The Quran on Seas and Rivers
Modern Science has discovered that in the places where two different seas meet,
there is a barrier between them. This barrier divides the two seas so that each
sea has its own temperature, salinity, and density.1
For example, Mediterranean sea water is warm, saline, and less dense, compared
to Atlantic ocean water. When Mediterranean sea water enters the Atlantic over
the Gibraltar sill, it moves several hundred kilometers into the Atlantic at a
depth of about 1000 meters with its own warm, saline, and less dense
characteristics. The Mediterranean water stabilizes at this depth2
(see figure 13).
Figure 13: The Mediterranean sea water as it enters
the Atlantic over the Gibraltar sill with its own warm, saline, and less dense
characteristics, because of the barrier that distinguishes between them.
Temperatures are in degrees Celsius (C°). (Marine Geology, Kuenen, p. 43, with a
Although there are large waves,
strong currents, and tides in these seas, they do not mix or transgress this
The Holy Quran mentioned that there is a barrier between two
seas that meet and that they do not transgress. Allah has said:
He has set free the two seas meeting
together. There is a barrier between them. They do not transgress.
But when the Quran speaks about the divider between fresh
and salt water, it mentions the existence of “a forbidding partition” with the
barrier. Allah has said in the Quran:
He is the one who has set free the two
kinds of water, one sweet and palatable, and the other salty and bitter. And He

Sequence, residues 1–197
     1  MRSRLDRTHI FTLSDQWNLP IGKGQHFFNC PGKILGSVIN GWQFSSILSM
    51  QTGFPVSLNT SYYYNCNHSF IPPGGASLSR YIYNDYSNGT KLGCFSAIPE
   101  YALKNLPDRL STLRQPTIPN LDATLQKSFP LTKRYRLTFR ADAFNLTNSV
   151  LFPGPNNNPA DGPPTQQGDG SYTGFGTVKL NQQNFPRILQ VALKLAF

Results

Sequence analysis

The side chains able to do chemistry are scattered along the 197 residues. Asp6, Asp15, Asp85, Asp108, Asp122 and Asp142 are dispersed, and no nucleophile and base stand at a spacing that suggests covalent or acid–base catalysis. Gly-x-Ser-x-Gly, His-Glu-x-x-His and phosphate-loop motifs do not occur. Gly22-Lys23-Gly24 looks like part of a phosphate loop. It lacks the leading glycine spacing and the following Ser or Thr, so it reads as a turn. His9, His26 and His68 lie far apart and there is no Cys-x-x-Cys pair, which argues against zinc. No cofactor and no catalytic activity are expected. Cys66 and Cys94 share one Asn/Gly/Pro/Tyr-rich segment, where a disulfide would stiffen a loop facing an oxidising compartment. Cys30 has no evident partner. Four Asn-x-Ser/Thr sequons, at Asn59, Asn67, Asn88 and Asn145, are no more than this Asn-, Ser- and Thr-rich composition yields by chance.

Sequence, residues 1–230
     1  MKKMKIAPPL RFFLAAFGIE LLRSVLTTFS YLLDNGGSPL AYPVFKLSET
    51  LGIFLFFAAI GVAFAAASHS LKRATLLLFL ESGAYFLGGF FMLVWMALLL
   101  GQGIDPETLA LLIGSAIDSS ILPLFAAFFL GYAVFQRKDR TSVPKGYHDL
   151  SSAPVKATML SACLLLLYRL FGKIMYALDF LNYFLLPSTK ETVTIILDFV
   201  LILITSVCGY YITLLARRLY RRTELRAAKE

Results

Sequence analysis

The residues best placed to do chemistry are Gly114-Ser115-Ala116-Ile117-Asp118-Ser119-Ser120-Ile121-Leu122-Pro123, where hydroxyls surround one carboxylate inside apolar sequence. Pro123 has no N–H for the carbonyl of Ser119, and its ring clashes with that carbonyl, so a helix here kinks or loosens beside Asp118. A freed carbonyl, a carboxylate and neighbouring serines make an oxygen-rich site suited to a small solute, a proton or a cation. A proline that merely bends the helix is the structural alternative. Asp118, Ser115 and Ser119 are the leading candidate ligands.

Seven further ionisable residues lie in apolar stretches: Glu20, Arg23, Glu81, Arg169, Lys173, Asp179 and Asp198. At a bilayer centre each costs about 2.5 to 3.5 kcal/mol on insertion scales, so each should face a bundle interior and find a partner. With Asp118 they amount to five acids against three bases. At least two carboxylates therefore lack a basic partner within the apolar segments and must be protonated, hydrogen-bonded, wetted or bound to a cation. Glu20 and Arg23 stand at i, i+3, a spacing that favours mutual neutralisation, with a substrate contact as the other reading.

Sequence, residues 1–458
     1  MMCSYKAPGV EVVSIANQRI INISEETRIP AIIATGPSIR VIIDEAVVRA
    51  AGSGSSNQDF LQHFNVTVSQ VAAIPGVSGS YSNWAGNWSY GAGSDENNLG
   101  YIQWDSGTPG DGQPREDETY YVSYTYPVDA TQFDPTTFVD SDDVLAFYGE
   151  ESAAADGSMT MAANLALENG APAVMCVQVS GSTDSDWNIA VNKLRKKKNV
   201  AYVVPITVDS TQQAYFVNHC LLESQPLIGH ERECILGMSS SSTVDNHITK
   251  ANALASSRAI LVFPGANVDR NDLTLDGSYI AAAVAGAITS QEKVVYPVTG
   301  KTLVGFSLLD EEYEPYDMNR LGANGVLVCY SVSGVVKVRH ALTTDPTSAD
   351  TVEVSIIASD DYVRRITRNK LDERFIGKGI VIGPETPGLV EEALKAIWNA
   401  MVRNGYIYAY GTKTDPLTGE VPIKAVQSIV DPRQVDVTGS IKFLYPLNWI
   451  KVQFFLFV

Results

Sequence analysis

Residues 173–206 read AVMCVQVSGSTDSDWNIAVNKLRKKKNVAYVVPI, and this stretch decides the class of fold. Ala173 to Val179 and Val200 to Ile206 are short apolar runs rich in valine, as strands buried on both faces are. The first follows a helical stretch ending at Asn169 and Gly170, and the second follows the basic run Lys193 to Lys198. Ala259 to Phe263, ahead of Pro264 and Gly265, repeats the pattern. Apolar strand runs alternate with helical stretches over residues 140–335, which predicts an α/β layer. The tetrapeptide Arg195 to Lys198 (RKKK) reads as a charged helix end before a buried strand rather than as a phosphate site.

has made between them a barrier and a forbidding partition. (Quran,
One may ask, why did the Quran mention the partition when
speaking about the divider between fresh and salt water, but did not mention it
when speaking about the divider between the two seas?
Modern science has discovered that in estuaries, where fresh
(sweet) and salt water meet, the situation is somewhat different from what is
found in places where two seas meet. It has been discovered that what
distinguishes fresh water from salt water in estuaries is a “pycnocline zone
with a marked density discontinuity separating the two layers.”3
This partition (zone of separation) has a different salinity from the fresh
water and from the salt water4
(see figure 14).
Figure 14: Longitudinal section showing salinity
(parts per thousand ‰) in an estuary. We can see here the partition (zone of
separation) between the fresh and the salt water. (Introductory Oceanography,
Thurman, p. 301, with a slight enhancement.)
This information has been discovered only recently, using advanced equipment to
measure temperature, salinity, density, oxygen dissolubility, etc. The human
eye cannot see the difference between the two seas that meet, rather the two
seas appear to us as one homogeneous sea. Likewise, the human eye cannot see
the division of water in estuaries into the three kinds: fresh water, salt
water, and the partition (zone of separation).
(1) Principles of Oceanography,
Davis, pp. 92-93.
(2) Principles of Oceanography,
Davis, p. 93.
(3) Oceanography, Gross, p. 242.
Also see Introductory Oceanography, Thurman, pp. 300-301.
(4) Oceanography, Gross, p. 244, and
Introductory Oceanography, Thurman, pp. 300-301.